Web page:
Monet’s Main Man
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Discovering the Impressionists, now on view at the Philadelphia Museum of Art, tells the story of French art dealer Paul Durand-Ruel, who championed work by then-unknown painters Monet, Pissarro, Degas and Renoir. Purchases he made in the earliest days of Impressionism are on view along with later Impressionist works. Previously in Paris and London, this superb exhibition will not travel anywhere else in the United States.
Durand-Ruel first met Monet and Pissarro in London, where the Frenchmen had taken refuge to escape the Franco-Prussian War. He began buying their paintings and displayed them beside works by Millet and Corot in the London branch of his Paris-based gallery. After the war, he continued to support Impressionism, systematically buying canvases and renting his gallery for the second Impressionist Exhibition in 1876.
To build his business, the art dealer used innovative tactics that have since become commonplace. “His strategy was to get exclusivity for the artists’ works,” says Flavie Durand-Ruel Mouraux, who maintains her great-great-grandfather’s archives. “He staged the first solo exhibitions of a single artist’s works and presented international exhibitions in Europe and the United States. He used the media to promote the artists.”
By the end of his life, Durand-Ruel had purchased nearly 12,000 Impressionist works. He generally bought directly from artists, but also bought paintings at auctions, bidding up prices so that works would not be seen to lose value.
In exchange for a commitment to exhibit exclusively with his gallery, Durand-Ruel sometimes provided an allowance to his artists. A regular, reliable income enabled Monet, Pissarro, Renoir and Sisley to concentrate on painting and developing the new art form.
Durand-Ruel ran an international operation, with outposts in London, Brussels and New York. After his first exhibition in New York City in 1886, Americans began visiting Durand-Ruel’s Paris gallery. “Without America, I would have been lost, ruined, after having bought so many Monets and Renoirs,” he wrote. “The two exhibitions there in 1886 saved me…after that the French public followed suit.”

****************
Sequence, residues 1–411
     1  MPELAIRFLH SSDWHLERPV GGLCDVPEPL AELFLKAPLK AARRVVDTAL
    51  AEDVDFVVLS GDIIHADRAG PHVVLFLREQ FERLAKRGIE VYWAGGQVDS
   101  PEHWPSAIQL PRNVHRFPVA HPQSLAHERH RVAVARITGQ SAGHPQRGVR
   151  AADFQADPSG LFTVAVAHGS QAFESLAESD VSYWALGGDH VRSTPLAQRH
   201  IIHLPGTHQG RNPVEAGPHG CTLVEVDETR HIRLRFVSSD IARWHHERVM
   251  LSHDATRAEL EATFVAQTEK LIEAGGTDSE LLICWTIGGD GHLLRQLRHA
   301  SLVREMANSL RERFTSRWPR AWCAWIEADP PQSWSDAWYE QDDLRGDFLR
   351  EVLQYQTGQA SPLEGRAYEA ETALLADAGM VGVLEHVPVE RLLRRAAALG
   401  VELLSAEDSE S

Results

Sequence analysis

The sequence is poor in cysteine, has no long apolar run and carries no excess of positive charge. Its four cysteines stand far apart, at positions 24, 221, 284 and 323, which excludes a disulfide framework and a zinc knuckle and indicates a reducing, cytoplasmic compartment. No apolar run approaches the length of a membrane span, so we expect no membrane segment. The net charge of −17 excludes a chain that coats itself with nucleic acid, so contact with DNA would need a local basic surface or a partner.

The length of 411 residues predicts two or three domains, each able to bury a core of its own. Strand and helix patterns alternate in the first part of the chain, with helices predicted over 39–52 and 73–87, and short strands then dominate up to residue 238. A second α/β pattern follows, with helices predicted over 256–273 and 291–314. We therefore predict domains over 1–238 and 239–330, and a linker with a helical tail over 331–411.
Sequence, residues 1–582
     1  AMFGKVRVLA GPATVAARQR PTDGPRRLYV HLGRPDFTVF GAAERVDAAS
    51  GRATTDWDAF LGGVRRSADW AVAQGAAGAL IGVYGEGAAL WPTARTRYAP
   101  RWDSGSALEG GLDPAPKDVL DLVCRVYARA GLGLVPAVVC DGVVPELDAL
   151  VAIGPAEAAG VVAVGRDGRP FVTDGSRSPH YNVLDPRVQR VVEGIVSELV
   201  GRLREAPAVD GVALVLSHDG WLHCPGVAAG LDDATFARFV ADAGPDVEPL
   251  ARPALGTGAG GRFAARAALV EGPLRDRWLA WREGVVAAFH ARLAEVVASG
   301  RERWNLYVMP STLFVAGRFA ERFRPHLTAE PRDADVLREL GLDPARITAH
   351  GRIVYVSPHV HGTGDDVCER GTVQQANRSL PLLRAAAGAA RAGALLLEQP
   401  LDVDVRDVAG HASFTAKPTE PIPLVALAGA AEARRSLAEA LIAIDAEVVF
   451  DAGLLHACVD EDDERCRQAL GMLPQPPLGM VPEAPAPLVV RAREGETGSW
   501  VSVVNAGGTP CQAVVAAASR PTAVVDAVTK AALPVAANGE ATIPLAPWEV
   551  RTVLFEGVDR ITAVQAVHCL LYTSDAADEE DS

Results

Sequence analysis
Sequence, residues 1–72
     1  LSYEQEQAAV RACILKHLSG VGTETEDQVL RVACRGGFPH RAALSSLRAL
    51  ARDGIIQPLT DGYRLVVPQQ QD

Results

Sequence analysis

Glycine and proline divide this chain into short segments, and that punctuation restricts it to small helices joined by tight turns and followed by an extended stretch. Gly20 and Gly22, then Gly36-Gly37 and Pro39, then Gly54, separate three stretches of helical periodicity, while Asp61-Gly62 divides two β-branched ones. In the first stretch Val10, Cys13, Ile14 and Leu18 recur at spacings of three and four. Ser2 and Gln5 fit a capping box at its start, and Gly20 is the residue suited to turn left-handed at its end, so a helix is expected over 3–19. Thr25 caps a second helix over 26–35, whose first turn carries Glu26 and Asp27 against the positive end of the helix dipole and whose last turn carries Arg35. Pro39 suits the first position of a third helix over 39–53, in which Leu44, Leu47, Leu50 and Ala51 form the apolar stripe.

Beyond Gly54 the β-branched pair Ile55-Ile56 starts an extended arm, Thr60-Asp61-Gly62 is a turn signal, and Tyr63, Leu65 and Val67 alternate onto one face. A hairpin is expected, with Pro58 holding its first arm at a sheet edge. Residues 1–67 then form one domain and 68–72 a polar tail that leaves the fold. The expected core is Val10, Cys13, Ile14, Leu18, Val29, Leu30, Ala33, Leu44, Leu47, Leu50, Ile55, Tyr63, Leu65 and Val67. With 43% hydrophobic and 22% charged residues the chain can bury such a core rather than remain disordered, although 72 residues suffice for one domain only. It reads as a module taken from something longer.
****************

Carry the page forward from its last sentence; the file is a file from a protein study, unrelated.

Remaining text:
Perhaps not surprisingly, many of the more than 80 paintings shown here are familiar from past Impressionist exhibitions or museum visits in Paris, London and Philadelphia. But others, such as Degas’ mysterious “Peasant Girls Bathing in the Sea at Dusk,” 1869-75, and Monet’s “The Church at Varengeville, Morning,”1882, are privately owned and rarely on public display.
This exhibition also includes six door panels by Monet. Commissioned by Durand-Ruel, the paintings are displayed against enlarged photographs of his Paris apartment, the panels’ original home.
Among the 15 paintings by Renoir here are three large pictures of dancing couples. Two of them, “Dance in the Country,” 1883, and “Dance in the City,” 1883, hung together in the grand salon of Durand-Ruel’s apartment. The third picture, “Dance at Bougival,” 1883, depicts a couple dancing at an open-air cafe.
Of particular note is the reunion of six paintings from Monet’s 1891 series, “Poplars.” Of the 24 versions of this subject painted by the artist, fifteen were shown in the Durand-Ruel Gallery in 1892. Each is different in perspective, color and weather conditions, but all have a similar composition, showing the same stand of trees in a zigzag pattern.
Not part of the exhibition but on view in the museum’s Impressionist gallery is Pissarro’s “Railroad to Dieppe,” 1886. Although Durand-Ruel disapproved of Pissarro’s venture into pointillism, he nevertheless bought this radical canvas the year it was painted. The painting, almost abstract in its composition, is further proof of the support Durand-Ruel gave his artists and a complement to this excellent exhibit.
“Discovering the Impressionists,” on view through Sept. 13, 2015, Philadelphia Museum of Art, 2600 Benjamin Franklin Parkway, Philadelphia, PA, (215) 763-8100, www.philamuseum.org